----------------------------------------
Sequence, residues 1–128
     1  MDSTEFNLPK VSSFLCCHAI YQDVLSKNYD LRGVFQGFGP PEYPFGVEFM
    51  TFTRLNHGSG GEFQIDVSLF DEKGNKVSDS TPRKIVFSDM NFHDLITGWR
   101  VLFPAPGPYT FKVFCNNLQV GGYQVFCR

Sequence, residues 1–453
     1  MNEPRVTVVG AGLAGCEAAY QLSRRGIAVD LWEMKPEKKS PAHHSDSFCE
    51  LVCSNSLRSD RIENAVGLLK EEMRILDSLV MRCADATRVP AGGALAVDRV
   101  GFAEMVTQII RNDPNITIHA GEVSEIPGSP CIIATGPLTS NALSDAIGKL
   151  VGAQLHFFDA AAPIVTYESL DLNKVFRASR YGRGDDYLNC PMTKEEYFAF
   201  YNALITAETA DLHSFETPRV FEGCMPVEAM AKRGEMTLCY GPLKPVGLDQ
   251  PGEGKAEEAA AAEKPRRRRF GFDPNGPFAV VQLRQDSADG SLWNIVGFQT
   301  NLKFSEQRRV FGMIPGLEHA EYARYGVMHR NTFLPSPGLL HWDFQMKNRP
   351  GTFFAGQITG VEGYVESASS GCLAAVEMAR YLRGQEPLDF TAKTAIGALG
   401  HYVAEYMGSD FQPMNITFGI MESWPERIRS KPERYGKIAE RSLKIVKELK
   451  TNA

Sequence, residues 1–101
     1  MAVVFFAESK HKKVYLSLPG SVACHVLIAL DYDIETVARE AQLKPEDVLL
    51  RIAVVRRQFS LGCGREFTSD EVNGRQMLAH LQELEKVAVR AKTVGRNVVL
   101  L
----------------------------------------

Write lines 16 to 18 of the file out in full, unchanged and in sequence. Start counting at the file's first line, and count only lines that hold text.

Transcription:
Sequence, residues 1–101
     1  MAVVFFAESK HKKVYLSLPG SVACHVLIAL DYDIETVARE AQLKPEDVLL
    51  RIAVVRRQFS LGCGREFTSD EVNGRQMLAH LQELEKVAVR AKTVGRNVVL